Paolo’s second preseason again wasn’t your average. The focal point of the summer was Di Canio’s falling out with club captain and fan favourite Paul Caddis, criticising his work rate in training, resulting in the Scot joining Birmingham in a swap loan deal with Adam Rooney. Ever busy in the transfer market, the Italian signed a further eleven players and selling another 12 including top scorer Alan Connell to Bradford, with a significant number of his original signings no longer wearing the red and white.
Swindon started this season well with a 3-0 demolishing of Championship side Brighton in the League Cup. Two league wins in three followed before an incredible 3-4 win at Stoke City in the Cup. Swindon would go onto beat Burnley 3-1 in the next round and then crash out to Aston Villa 2-3 in October. Nonetheless, Paolo’s reign was providing some of the finest cup runs for many years.
Back in the league and Town were having an indifferent start, with a match at Preston living long in the memory. Swindon lost 4-1 after going down 2-0 inside 10 minutes, Di Canio wasn’t happy and substituted Goalkeeper Foderingham after 21 minutes, much to the young ‘keeper’s frustration; kicking a bottle in frustration and arguing with PDC before storming down the tunnel. Paolo demanded an apology from Wes and if he didn’t get one, Foderingham would be sold. Wes apologised and Paolo had again asserted his authority.
In late December, Swindon faced surprise promotion fodder Tranmere at the County Ground but only one team looked like a side in form, Swindon ran out 5-0 winners. The following week at home to penniless Portsmouth Swindon won 5-0 again, the following game against Carlisle wasn’t 5-0 however, Swindon could only get a 4-0 win in that one.
Swindon’s finances have made headlines a lot this season. In October, Swindon were placed under a transfer embargo for breaking the limit on wages and transfer fees. Days later Jeremy Wray left as chairman and was replaced by Sir William Patey. While the embargo was lifted a month later and new loan backups arrived, it soon transpired there would be no money for Paolo to spend in January. Paolo responded in his usual eccentric fashion by claiming he will use £30,000 of his own money to keep loanees Danny Hollands and Chris Martin, but never put his money where he mouth is…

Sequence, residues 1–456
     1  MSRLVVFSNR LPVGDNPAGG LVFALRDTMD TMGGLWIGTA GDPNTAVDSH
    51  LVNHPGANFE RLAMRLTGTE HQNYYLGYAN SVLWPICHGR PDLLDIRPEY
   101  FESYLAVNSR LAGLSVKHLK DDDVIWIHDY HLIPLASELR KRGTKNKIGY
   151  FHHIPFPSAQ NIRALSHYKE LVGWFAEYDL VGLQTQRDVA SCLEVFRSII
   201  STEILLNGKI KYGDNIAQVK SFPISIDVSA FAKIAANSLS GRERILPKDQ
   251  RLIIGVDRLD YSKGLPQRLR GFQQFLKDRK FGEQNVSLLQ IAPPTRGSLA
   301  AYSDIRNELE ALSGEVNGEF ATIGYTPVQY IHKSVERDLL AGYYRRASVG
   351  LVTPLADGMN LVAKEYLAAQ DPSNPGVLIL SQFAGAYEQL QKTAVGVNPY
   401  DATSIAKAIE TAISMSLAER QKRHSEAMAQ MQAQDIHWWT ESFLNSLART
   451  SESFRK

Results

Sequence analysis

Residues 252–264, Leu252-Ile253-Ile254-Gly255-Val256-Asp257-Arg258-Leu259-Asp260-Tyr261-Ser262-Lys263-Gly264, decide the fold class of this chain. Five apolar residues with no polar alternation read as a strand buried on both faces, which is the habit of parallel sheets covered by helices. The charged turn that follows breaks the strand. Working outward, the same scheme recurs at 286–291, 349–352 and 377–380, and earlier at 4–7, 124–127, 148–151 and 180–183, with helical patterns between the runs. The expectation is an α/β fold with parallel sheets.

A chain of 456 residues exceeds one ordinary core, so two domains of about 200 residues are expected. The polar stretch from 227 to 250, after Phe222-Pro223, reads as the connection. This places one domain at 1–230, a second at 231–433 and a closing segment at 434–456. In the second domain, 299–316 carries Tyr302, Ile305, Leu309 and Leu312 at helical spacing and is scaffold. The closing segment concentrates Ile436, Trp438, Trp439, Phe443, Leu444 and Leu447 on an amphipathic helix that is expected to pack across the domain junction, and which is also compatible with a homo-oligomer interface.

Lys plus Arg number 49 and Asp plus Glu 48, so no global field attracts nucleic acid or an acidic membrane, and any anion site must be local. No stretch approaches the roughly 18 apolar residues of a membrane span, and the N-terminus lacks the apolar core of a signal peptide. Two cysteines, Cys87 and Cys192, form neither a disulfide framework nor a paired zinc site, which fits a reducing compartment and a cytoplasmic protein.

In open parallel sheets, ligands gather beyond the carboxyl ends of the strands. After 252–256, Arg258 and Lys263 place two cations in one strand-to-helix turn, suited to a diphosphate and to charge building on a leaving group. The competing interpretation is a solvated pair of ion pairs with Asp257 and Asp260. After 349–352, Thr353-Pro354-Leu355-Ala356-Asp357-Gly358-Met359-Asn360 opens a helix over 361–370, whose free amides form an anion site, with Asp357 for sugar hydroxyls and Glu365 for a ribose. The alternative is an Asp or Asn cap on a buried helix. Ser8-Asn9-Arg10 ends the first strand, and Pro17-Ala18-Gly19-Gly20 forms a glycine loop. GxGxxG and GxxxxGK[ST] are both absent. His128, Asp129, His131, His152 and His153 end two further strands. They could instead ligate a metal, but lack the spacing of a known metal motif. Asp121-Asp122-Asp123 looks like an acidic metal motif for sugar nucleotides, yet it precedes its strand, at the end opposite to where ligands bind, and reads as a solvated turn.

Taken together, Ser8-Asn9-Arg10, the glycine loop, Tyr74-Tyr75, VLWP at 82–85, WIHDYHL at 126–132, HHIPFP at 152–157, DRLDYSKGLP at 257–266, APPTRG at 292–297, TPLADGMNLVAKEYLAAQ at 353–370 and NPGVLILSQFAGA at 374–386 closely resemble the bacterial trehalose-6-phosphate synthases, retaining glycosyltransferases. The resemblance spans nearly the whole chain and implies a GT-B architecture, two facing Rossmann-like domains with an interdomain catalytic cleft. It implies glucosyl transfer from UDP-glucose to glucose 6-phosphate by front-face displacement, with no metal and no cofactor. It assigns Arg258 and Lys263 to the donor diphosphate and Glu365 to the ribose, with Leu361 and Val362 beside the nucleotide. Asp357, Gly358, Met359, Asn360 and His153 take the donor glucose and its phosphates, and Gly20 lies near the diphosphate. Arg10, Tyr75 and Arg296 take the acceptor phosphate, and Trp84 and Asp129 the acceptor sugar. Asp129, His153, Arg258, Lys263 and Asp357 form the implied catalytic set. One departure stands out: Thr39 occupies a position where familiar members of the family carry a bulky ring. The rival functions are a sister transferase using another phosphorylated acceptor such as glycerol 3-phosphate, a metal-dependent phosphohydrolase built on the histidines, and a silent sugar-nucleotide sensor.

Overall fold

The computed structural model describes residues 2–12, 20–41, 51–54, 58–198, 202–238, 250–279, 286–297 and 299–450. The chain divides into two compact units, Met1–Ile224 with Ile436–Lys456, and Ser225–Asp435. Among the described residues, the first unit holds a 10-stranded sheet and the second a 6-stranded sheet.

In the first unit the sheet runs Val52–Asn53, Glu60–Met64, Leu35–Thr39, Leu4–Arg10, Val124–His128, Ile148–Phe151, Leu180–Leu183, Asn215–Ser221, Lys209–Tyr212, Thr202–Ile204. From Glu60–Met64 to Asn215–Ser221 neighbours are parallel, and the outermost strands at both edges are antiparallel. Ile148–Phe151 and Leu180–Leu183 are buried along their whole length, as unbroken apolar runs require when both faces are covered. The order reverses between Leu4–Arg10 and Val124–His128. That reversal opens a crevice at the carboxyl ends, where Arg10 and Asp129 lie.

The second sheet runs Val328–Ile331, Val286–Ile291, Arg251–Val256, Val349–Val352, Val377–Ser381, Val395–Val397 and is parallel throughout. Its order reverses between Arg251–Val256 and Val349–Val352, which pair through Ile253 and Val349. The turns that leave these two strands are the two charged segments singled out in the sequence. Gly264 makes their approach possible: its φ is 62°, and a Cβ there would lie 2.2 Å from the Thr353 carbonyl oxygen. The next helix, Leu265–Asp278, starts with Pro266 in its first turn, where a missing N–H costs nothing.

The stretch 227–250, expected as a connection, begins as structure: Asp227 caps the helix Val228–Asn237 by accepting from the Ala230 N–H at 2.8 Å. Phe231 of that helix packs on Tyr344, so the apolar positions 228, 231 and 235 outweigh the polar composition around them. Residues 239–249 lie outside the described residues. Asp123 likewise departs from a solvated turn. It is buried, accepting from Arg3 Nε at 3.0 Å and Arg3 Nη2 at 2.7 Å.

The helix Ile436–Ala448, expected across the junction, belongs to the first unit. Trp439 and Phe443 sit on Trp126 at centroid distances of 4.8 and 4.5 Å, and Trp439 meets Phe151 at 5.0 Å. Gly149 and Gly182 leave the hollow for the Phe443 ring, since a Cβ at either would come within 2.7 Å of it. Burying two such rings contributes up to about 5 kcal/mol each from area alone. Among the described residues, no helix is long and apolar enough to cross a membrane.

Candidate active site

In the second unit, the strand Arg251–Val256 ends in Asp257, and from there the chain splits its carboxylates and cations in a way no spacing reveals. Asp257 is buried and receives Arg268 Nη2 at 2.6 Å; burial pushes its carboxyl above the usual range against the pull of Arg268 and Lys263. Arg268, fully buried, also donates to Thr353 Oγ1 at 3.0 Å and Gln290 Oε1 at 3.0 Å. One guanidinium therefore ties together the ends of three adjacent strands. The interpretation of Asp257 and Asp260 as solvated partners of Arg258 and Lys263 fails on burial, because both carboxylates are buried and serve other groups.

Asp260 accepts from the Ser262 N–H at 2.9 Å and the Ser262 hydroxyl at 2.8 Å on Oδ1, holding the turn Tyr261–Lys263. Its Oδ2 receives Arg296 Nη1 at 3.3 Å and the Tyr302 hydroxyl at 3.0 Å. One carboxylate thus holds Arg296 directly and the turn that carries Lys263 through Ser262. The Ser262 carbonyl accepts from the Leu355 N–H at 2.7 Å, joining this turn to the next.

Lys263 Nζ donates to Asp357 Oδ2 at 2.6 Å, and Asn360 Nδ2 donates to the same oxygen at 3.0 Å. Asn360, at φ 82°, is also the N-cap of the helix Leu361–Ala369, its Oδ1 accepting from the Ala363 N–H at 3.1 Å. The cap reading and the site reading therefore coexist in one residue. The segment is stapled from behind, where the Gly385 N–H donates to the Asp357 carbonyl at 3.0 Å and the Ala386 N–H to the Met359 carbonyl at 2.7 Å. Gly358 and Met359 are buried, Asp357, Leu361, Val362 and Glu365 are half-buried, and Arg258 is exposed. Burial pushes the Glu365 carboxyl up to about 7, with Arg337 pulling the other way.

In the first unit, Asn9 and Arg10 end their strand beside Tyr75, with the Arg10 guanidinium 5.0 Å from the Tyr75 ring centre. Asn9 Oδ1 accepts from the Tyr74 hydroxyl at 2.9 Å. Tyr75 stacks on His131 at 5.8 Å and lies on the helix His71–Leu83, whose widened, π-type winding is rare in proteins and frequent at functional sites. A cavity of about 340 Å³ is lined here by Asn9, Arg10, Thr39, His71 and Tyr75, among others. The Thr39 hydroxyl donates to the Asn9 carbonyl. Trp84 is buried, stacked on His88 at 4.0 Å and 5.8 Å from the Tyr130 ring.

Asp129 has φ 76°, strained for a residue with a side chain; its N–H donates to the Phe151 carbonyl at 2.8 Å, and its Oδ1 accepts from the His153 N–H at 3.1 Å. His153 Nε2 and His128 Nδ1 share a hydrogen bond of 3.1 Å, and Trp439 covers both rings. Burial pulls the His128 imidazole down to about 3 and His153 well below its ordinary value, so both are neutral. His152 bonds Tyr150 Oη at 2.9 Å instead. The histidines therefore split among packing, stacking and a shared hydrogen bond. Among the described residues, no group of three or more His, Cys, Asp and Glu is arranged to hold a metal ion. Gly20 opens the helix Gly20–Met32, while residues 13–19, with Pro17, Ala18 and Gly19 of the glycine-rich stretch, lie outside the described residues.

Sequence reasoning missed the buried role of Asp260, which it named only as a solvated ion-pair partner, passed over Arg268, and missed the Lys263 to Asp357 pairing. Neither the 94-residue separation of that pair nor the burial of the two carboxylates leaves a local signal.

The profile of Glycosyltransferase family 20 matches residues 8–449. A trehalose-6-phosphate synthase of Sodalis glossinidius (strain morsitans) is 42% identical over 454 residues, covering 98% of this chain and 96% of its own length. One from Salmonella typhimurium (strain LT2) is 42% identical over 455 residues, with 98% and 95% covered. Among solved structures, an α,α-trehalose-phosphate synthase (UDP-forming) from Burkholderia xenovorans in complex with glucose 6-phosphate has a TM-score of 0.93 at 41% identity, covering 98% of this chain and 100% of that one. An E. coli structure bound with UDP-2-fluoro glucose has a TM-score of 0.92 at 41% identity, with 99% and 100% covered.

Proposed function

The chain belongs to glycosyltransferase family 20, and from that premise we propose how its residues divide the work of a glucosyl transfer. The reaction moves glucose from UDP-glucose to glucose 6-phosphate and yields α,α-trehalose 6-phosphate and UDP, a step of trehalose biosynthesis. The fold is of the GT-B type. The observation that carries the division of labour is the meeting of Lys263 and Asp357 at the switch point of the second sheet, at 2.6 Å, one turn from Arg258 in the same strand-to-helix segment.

With news that majority shareholder Andrew Black confirmed his intentions to sell the club and administration ‘a possibility’, despite a takeover being provisionally agreed, Matt Ritchie was sold to promotion rivals Bournemouth for £500,000 ‘behind Di Canio’s back’. This, along with the blocking of three deadline day deals by the Football League lead to Di Canio releasing a statement saying he “doesn’t know how I can continue to work in this environment” and that he was considering his future at Swindon.
Paolo’s Swindon tenure ended over the space of three weeks. We all thought his final game could have been at Crawley, but it wasn’t. Then he remained in the dugout against Colchester and Hartlepool and we thought it could all be ‘resolved’. Support remained strong for the Italian as on the 10 minute mark, the County Ground arose with Paolo Di Canio chants, banners and scarves waving, lighting up the stadium.
With Paolo’s departure, Swindon will be looking for a new manager who can guide them to the Championship; whoever Paolo ends up at next you can guarantee they will have some eventful moments under the helm of the Italian. It’s never boring when Paolo is about.